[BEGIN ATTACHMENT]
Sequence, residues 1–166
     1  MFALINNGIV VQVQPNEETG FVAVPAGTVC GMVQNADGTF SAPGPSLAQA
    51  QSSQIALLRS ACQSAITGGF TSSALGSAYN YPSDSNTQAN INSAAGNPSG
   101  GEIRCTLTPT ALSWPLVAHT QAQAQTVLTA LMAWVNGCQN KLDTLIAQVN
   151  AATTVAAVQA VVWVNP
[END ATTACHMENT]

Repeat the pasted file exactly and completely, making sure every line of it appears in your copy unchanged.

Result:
Sequence, residues 1–166
     1  MFALINNGIV VQVQPNEETG FVAVPAGTVC GMVQNADGTF SAPGPSLAQA
    51  QSSQIALLRS ACQSAITGGF TSSALGSAYN YPSDSNTQAN INSAAGNPSG
   101  GEIRCTLTPT ALSWPLVAHT QAQAQTVLTA LMAWVNGCQN KLDTLIAQVN
   151  AATTVAAVQA VVWVNP